“Oil and gas producers need to be carbon-competitive and cost-competitive” – Suncor CEO Steve Williams
A technology revolution is taking place in the Alberta oil sands. Suncor and Cenovus, two of the largest oil sands producers, released their sustainability reports earlier this week and both are making steady progress toward the goals of reducing the carbon-intensity of their crude oil by a third by 2026.
Think about that for a moment. After being vilified as “dirty oil” by former President Barack Obama and a “carbon bomb” by environmentalists, in situ-produced bitumen will soon have the carbon-intensity of the average American light sweet crude oil.
Or maybe even lower, which might be a difficult feat, but not an impossible one, Dinara Millington, VP research of the Canadian Energy Research Institute, told me in an interview.
And why would we be surprised at the remarkable innovation taking place in the oil sands?
The world is awash in crude oil at the moment because American producers responded to the Saudi attempt in 2014 to drive them from global markets by innovating – driving costs down and productivity up, largely with new technologies and new techniques.
Alberta oil sands producers are simply doing the same in their industry.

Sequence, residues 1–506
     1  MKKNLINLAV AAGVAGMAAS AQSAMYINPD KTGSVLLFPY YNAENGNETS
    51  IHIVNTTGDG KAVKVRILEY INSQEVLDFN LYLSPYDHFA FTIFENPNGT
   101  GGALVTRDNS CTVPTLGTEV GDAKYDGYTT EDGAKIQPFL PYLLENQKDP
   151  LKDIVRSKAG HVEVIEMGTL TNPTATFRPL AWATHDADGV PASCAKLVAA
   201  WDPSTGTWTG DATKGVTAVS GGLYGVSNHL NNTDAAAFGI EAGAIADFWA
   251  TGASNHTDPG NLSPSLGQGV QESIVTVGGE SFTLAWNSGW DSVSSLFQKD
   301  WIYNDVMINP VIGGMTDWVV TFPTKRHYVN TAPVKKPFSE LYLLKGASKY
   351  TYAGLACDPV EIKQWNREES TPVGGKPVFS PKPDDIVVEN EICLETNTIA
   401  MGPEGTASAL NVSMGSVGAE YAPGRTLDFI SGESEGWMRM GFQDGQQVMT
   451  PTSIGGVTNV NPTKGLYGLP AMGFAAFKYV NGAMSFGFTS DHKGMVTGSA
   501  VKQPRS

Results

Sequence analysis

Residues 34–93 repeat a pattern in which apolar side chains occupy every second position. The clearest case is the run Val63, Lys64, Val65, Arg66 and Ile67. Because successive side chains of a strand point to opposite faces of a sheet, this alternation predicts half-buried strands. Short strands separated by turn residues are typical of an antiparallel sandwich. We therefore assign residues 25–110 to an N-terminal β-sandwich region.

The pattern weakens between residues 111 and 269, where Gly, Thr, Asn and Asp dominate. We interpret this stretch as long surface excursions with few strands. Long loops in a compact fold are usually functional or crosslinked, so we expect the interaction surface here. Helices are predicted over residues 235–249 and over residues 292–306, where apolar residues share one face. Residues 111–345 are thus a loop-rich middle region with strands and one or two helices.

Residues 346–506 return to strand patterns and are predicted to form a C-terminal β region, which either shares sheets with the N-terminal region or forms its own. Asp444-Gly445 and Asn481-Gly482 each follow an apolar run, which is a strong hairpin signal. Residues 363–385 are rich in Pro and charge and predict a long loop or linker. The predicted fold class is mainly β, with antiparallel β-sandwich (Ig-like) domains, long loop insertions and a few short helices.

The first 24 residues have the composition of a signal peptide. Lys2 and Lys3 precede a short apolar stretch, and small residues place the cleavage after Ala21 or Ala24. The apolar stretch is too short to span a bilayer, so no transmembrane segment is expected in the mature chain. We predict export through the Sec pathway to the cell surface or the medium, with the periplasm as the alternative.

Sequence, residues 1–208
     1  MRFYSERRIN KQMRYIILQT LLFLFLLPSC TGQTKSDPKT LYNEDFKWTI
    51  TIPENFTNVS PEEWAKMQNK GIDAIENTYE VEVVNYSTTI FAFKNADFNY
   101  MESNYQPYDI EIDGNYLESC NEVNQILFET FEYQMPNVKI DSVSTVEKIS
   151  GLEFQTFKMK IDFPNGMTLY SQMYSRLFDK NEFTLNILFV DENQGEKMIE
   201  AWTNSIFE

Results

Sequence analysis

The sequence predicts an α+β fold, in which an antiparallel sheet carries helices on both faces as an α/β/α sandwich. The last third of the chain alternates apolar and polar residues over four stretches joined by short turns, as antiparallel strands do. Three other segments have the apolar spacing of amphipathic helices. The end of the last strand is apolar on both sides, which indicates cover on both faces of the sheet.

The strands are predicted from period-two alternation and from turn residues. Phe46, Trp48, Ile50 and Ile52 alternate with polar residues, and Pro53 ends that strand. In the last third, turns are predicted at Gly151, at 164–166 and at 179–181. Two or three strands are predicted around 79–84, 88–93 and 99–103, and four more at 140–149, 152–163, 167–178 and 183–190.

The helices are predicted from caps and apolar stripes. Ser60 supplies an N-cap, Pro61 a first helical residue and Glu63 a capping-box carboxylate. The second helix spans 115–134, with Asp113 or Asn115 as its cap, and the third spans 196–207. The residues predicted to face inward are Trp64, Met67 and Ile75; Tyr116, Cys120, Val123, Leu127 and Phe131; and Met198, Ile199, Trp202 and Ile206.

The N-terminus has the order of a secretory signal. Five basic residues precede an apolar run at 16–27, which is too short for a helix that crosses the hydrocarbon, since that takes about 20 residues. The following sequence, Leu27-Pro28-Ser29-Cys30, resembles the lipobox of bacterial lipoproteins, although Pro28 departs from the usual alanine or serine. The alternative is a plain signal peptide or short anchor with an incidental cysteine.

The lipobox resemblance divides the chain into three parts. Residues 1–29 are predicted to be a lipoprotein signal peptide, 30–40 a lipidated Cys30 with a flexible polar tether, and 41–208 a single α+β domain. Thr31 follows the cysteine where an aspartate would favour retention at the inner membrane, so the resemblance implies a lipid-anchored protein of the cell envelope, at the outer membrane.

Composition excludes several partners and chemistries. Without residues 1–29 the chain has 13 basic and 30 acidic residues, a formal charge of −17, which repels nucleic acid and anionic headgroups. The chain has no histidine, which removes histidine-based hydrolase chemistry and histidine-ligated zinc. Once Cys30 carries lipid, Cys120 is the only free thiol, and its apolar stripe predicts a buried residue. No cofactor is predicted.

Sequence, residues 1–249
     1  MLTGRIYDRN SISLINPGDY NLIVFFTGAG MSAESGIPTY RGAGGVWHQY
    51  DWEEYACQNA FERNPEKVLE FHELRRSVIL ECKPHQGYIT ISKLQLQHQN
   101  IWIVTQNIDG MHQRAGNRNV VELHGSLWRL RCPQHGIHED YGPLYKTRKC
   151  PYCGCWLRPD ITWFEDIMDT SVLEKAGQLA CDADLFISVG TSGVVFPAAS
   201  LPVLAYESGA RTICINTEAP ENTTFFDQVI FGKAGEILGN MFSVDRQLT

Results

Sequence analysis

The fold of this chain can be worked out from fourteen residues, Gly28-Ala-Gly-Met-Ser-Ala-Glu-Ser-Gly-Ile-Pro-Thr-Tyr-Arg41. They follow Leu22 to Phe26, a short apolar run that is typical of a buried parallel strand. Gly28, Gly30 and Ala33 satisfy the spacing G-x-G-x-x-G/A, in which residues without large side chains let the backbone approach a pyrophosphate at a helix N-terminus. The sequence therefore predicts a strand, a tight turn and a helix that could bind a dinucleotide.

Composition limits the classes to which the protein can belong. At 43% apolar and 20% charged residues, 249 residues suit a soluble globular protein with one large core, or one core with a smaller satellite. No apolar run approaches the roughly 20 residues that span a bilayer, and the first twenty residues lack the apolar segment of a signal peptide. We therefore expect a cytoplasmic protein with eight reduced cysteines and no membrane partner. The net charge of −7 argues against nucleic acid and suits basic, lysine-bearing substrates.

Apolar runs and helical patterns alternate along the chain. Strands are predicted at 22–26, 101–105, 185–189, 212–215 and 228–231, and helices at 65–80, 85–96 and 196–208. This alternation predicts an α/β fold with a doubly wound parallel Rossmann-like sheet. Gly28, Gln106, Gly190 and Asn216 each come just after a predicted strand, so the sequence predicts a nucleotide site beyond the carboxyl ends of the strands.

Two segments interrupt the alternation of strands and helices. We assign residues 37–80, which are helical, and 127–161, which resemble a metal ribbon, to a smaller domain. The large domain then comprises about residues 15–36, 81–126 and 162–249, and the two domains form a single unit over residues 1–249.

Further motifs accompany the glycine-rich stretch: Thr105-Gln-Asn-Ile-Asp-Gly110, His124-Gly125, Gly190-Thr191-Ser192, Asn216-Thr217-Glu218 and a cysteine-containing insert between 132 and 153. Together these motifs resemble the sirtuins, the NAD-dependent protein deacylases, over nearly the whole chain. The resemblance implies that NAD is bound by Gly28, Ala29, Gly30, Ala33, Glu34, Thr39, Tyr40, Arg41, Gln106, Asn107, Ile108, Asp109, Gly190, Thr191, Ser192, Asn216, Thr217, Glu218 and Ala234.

And in the process of innovating they are preparing their companies to compete in a carbon-constrained, long-term low price environment.
New solvent-based technologies can lower costs AND greenhouse gas emissions
“It’s evident that to remain a central part of the energy equation, oil and gas producers need to be carbon-competitive and cost-competitive,” according to Suncor CEO Steve Williams.
“We are moving aggressively towards the goal of harnessing new technology that transforms the GHG footprint of our operations and our impact on the life-cycle of our product. Technology and innovation are taking us there.”
“Canada’s oil sands industry is experiencing a renaissance driven by innovation and the application of new technologies to help us develop our resources in a cost-competitive way that supports a low-carbon future,” says Cenovus CEO Brian Ferguson, who retires at the end of Oct.
“At Cenovus, we’re challenging ourselves to be a leader in this renaissance.”
Kevin Birn, IHS Markit director Oil Sands Dialogue, says the steam assisted gravity drainage technology that enables in situ oil sands production is only 16 years old and was due for the next iteration.
That next tech generation will likely be linked in one form or fashion to the substitution of solvents for steam.
There are two horizontal wellbores in the SAGD process, one a few metres above the other. High pressure steam is pumped into the reservoir through the upper well, the bitumen is heated up and becomes less viscous, then the bitumen is able to flow into the second well and be pumped to surface.
SAGD is “dirty” because it uses plenty of natural gas to create steam. Swap solvent, which can be recycled, for steam and companies not only lower costs, but they significantly lower greenhouse gas emissions created by burning the gas.